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Speaking Up

05 March 2019 by Kerry Round

Speaking up

A systemic failure of governance can be the catalyst for whistleblowing

Recently I watched ‘gritty’ American TV thriller, Berlin Station. Here, a CIA analyst goes undercover at the agency’s Berlin branch after it becomes the target of a campaign of damaging leaks from a mysterious whistleblower. I poise myself, ready to dazzle my husband with my knowledge of the Public Interest Disclosure Act 1998 (PIDA), ready to draw comparisons with the ‘wrongdoing’ being carried out by the Berlin CIA agency and those that will surely pass the ‘public interest’ test. I was to be sorely disappointed on both counts, but it did get me thinking about the reputation of whilstleblowers and to why the word ‘whistleblower’ can provoke a negative reaction.

If anyone loves a whistleblower, it’s Hollywood. For example, there is the film ‘Snowden’ which is about real life whistleblower Edward Snowden, a former technical worker at the CIA who revealed himself as the man behind leaks that uncovered secret US government surveillance programmes, who is seen as a traitor by some, yet a hero to others and a fugitive from the law. Or, ‘Fifth Estate’ which sees Wikileakes founder Julian Assange facing the possibility of life in prison when he created a platform that allowed whistleblowers to anonymously leak covert data.

Defining terms

The harsh shrill used by 19th century law enforcement officials and sports referees alike is why the term ‘whistleblower’ was coined. It symbolises the sounding of an alarm that something has been done wrong.

A whistleblower is a worker that speaks out either internally or to a prescribed external body, about wrongdoing within their organisation that would be of public interest. This begs the question, what is wrongdoing, would you know without looking it up now?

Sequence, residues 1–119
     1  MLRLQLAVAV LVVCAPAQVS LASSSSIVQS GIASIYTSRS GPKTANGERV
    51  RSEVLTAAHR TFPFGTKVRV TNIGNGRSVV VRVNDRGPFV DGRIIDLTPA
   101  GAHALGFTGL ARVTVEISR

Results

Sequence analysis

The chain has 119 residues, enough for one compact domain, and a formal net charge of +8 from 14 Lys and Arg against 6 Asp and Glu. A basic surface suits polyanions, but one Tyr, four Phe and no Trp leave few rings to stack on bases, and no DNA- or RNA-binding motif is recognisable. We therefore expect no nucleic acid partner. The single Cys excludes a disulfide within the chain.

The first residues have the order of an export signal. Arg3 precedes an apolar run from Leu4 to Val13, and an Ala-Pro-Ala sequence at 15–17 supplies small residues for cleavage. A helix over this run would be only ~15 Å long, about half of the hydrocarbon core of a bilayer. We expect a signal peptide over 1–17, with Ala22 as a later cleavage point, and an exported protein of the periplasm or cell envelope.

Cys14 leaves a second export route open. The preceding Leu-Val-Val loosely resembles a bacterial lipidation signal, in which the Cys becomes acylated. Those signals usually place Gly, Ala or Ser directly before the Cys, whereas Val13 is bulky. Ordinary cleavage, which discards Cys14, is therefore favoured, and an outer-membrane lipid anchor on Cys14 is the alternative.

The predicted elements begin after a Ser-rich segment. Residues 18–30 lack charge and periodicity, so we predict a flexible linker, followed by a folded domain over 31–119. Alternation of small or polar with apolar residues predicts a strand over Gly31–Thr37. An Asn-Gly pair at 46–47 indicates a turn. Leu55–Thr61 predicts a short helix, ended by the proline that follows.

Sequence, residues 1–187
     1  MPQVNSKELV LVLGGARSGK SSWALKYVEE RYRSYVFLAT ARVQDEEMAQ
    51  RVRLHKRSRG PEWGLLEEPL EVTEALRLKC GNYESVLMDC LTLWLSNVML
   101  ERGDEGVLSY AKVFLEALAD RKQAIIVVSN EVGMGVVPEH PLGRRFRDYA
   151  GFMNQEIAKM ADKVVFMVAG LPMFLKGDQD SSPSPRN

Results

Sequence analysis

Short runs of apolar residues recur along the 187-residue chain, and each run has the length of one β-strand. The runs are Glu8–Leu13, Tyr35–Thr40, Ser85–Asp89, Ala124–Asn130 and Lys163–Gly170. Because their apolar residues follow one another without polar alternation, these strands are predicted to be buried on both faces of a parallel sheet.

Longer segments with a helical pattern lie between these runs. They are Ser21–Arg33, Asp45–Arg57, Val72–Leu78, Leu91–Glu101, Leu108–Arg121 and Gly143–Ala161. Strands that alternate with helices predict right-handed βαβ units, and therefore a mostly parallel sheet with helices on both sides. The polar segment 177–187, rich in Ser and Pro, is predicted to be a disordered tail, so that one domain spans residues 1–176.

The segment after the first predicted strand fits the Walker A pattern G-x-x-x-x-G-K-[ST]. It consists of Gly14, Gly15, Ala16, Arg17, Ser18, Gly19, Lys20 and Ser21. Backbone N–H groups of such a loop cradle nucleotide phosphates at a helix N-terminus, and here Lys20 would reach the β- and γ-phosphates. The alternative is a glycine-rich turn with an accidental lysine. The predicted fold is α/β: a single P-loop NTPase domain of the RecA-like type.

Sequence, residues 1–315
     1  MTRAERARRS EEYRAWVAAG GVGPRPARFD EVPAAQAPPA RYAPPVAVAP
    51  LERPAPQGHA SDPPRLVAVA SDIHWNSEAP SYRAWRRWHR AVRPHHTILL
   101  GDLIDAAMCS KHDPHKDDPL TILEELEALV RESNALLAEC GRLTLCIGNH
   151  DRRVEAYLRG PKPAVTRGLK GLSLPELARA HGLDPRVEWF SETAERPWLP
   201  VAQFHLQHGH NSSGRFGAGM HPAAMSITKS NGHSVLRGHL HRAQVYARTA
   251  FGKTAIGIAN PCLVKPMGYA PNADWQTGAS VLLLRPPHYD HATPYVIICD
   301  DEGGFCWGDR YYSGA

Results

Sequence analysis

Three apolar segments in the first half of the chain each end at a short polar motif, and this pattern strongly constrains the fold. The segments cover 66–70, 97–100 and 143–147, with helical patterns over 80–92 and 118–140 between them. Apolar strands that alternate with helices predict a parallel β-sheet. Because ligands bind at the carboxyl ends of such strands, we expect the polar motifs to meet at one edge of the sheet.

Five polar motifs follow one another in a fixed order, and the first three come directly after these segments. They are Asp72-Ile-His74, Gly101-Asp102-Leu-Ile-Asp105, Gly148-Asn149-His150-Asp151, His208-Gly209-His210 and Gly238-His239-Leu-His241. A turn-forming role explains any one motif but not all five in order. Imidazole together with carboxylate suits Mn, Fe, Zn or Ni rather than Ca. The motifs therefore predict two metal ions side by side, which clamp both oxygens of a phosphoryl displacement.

There are two sides to the whistleblowing coin. On one side we have the organisation in question. Surely if there is wrongdoing within an organisation, the board would want to be aware so they could put it right? Why would they be fearful of having a whistleblower in their midst? Could it be out of fear of bad publicity or reputational damage and the potentially expensive litigation and loss of business?Perhaps it’s a combination of all of these things that makes organisations so fearful of the whistle?

On the other side we have the whistleblower who might be scared of losing their job if they speak out; they might be worried about threats or intimidation from their colleagues. They might worry that they would not be believed and may fear retaliation.

What we do know is that most cases of whistleblowing are not clear cut and the whistleblower might be balancing any organisational loyalty that they might have against the potential benefits of stopping something happening that they know to be wrong. A high profile whistleblower might also question how they will be perceived by any potential future employers regardless of how justified their disclosure may have been.

“The whistleblower might be balancing organisational loyalty against the potential benefits of stopping something happening that they know to be wrong”

In reality most people who identify that something is wrong would want to stop it and most companies would want to know if something was wrong within their organisation so that they could stop it, wouldn’t they?

Understanding the proceedings

A worker should know that whistleblowing laws are in place, but only to the extent that they are in place to protect the worker who has already made a whistleblowing disclosure.

PIDA offers protection from detrimental treatment or victimisation from their employer to a ‘worker’ who makes a ‘qualifying disclosure’. To be afforded this protection, the worker must reasonably believe that they are acting in the ‘public interest’ and the worker must reasonably believe that the disclosure tends to show ‘past, present or likely future wrongdoing’. This brings us back to the meaning of ‘wrongdoing’.

PIDA tells us to look for the following categories to be afforded its protection:

• criminal offence
• failure to comply with an obligation set out in law
• miscarriages of justice
• endangering of someone’s health and safety
• damage to the environment
• covering up wrongdoing in the above categories.